display math(6)

[12] Where XH(a/b) denotes the signal with rate a/b. While high rate user's signal with rate 1/b is spread and send on a part of the low rate user's bandwidth side by side with his own signal. The transmitted signal on both users' bandwidth is shown in Figure 3 while the transmitter is shown in Figure 4a. The resulting low rate user's transmitted signal is illustrated in (7).

display math(7)
Figure 3.

The bandwidth reuse according to the proposed re-allocation strategy for multirate transmission, (a) for low rate user and (b) for high rate user.

Figure 4.

The transmitting procedure following the proposed bandwidth re-allocation strategy in Figure 4a and high rate user receiver in Figure 4b.

[13] The spreading code lengths differ among both transmitted signals in (6) and (7) according to the bandwidth size and the transmitted rate. The power constraint used in the relaying strategy applies for the re-allocation strategy. The base station gathers up these signals profiting from the orthogonal spreading codes and sends it as a multiple-access signal. Each user decorrelates the received signal using his code/s; the decorrelation process of the low rate data is straightforward while the high rate user's data are expressed by (8).

display math(8)

[14] The receiver of the low rate user is a one branch matched filter while the high rate user's receiver, illustrated in Figure 4b, needs two parallel branch matched filter. One branch matched to CH to decorrelate the data from the user's signal and the other to CH′ to decorrelate the data from the partner's signal. The data received over the user's bandwidth are first processed then followed by the data received over the partner's bandwidth. The re-allocation strategy is able to support higher rates using the same resources compared to the rate-matching algorithm as will be discussed in the next section.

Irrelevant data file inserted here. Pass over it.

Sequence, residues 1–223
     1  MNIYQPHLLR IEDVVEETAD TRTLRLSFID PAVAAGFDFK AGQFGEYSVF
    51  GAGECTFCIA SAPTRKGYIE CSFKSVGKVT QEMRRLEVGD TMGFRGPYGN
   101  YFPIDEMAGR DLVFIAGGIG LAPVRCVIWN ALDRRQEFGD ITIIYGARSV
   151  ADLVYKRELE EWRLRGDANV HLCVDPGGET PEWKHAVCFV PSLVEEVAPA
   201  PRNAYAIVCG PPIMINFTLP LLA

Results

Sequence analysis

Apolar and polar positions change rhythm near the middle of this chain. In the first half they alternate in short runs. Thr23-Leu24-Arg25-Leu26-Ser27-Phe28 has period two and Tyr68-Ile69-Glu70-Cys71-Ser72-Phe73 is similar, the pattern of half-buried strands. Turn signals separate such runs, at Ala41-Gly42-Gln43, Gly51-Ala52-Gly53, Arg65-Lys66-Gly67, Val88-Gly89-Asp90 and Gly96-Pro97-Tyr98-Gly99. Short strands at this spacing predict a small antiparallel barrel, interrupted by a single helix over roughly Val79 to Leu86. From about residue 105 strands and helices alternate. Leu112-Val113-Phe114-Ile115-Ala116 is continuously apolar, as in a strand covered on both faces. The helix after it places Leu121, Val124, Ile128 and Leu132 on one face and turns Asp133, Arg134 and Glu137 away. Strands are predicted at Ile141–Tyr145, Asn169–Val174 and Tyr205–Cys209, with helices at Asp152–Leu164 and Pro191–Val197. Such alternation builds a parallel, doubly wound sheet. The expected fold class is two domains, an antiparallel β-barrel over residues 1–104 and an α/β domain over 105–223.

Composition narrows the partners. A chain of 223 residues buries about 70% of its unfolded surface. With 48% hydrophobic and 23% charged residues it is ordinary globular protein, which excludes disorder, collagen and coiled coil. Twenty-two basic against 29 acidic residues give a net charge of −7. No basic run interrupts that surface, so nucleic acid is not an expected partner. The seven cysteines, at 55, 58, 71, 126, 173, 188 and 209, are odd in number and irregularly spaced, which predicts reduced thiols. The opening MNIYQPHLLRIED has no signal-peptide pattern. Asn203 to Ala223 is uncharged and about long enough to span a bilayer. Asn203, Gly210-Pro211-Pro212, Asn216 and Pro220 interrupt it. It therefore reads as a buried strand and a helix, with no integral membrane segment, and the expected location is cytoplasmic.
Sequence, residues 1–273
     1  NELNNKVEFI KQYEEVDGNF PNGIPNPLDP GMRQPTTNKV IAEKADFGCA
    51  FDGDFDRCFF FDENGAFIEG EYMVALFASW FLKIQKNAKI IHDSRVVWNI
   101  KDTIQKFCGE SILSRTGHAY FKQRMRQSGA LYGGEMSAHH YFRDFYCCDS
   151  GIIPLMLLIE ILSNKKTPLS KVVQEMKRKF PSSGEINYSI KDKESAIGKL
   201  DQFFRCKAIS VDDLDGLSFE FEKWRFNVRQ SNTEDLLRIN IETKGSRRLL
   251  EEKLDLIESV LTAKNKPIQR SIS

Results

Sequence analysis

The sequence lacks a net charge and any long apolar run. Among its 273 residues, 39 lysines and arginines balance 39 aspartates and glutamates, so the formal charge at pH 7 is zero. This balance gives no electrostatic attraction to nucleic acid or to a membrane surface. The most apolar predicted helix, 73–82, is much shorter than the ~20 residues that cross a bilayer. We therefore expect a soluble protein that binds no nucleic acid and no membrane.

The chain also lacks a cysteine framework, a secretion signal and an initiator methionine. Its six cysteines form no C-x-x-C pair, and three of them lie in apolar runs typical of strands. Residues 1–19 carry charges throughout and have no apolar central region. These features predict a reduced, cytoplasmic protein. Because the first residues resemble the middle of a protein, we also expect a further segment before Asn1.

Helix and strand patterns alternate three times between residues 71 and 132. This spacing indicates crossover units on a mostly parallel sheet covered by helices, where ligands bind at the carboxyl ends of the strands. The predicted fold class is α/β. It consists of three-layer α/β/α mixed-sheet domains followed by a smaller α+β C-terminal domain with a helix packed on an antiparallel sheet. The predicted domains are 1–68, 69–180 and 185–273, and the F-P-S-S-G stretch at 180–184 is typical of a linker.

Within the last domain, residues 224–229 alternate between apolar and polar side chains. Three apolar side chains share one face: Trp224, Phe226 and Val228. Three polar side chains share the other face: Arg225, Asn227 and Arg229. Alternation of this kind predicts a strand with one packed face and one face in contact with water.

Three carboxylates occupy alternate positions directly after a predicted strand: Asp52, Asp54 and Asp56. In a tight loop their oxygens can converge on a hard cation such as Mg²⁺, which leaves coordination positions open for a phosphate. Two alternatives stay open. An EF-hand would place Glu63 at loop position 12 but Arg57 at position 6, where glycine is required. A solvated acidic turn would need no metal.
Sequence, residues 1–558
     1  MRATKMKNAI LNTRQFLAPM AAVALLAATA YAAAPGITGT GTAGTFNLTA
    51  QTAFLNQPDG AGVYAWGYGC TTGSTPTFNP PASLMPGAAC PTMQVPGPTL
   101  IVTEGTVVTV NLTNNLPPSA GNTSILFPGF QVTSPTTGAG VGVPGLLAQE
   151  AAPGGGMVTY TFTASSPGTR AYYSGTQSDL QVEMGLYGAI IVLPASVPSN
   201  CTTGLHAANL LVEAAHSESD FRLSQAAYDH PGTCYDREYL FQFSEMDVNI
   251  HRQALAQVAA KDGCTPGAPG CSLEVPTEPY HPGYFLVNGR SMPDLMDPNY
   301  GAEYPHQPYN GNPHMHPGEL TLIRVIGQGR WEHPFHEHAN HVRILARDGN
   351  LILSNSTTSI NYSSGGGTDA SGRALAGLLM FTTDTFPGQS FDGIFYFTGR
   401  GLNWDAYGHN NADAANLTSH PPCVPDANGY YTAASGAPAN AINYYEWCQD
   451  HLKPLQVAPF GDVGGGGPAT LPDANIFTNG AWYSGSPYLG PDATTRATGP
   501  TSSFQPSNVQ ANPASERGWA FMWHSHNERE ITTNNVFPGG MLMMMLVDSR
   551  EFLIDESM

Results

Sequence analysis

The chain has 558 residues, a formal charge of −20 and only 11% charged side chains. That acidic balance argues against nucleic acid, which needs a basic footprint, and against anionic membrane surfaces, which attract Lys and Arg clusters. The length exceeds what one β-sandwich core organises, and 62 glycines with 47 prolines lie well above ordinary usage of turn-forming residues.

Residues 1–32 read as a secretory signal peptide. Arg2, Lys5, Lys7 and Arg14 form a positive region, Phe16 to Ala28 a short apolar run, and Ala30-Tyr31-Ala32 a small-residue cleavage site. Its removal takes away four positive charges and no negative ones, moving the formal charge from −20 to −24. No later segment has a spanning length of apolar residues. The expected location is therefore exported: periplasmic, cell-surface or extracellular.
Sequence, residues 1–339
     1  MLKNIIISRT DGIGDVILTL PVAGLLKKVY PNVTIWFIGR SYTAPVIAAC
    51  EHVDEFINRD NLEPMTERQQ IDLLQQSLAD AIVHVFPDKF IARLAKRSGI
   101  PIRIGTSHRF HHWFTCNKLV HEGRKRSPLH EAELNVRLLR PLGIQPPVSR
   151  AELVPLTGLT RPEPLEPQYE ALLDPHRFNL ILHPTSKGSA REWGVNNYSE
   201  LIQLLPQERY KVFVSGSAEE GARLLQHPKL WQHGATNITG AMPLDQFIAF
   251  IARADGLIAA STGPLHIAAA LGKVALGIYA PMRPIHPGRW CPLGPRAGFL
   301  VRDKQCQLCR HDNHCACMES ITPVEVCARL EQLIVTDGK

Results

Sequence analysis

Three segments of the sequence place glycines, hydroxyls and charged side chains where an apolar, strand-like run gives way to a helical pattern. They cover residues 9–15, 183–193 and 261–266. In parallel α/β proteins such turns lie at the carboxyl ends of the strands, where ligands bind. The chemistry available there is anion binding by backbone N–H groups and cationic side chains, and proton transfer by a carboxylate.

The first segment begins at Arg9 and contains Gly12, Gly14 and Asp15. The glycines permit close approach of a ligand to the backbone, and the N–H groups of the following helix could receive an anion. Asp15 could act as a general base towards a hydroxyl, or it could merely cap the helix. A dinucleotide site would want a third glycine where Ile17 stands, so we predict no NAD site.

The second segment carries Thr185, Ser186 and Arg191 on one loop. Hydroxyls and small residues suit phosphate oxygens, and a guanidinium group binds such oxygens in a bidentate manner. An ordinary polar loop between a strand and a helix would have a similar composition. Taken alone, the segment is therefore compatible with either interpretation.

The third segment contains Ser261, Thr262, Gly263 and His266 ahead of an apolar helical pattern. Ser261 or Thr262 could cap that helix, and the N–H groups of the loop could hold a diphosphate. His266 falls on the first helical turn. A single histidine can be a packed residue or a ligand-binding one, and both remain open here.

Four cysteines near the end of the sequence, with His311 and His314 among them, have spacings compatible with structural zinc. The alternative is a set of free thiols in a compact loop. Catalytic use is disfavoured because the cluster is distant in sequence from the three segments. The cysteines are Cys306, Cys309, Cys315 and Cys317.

4 The Simulation Results

[15] In this section, we illustrate a CDMA-based multirate framework; the rate-matching algorithm as well as the proposed strategies is applied and the system performance is observed. The considered framework is a cellular system supporting multirate transmissions; the orthogonal variable length spreading codes OVSF are used, similar bandwidth size is assigned to all users, and the same power resources. The simulations apply Rayleigh flat fading channel; the channel coefficient remains invariant for two successive transmission intervals. However, two successive intervals form one whole cooperative interval. This assumption is adopted in most of the literature [Aazhang et al., 2003a, 2003b]. A Rayleigh channel coefficient is generated by running a Rayleigh channel and randomly selected one; the operation is repeated for every new coefficient. Based on two users' case and a Rayleigh flat fading channel, the rate-matching algorithm is first applied. The low rate user transmits rate R and uses a spreading code length of 128 while the high rate user transmits rate 4R and uses a spreading length of 32. Then the relaying and bandwidth re-allocation protocols are applied to the down link for the same transmitting rates. The low rate user utilizes a spreading code length of 64 and the high rate user is given a code length of 16 during the relaying procedure. While for the re-allocation strategy, the decimation factor is one half and two spreading codes of lengths 64 and 32 are used by the high rate user. The codes are, respectively, used for spreading on the user's bandwidth and on the partner's bandwidth. The low rate user's spreading code is of length 64.